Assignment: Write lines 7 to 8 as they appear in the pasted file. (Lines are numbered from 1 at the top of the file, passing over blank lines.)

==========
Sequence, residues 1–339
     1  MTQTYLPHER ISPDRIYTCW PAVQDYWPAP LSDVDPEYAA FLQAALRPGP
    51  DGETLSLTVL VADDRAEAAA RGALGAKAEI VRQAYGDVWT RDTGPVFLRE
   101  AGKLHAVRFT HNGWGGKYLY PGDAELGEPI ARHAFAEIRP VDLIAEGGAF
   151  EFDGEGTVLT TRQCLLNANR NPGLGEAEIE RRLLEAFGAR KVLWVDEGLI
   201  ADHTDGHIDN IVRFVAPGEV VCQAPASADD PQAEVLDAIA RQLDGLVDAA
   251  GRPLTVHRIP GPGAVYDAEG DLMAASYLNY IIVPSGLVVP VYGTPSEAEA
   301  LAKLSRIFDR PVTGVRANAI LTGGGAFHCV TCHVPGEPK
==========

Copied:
   251  GRPLTVHRIP GPGAVYDAEG DLMAASYLNY IIVPSGLVVP VYGTPSEAEA
   301  LAKLSRIFDR PVTGVRANAI LTGGGAFHCV TCHVPGEPK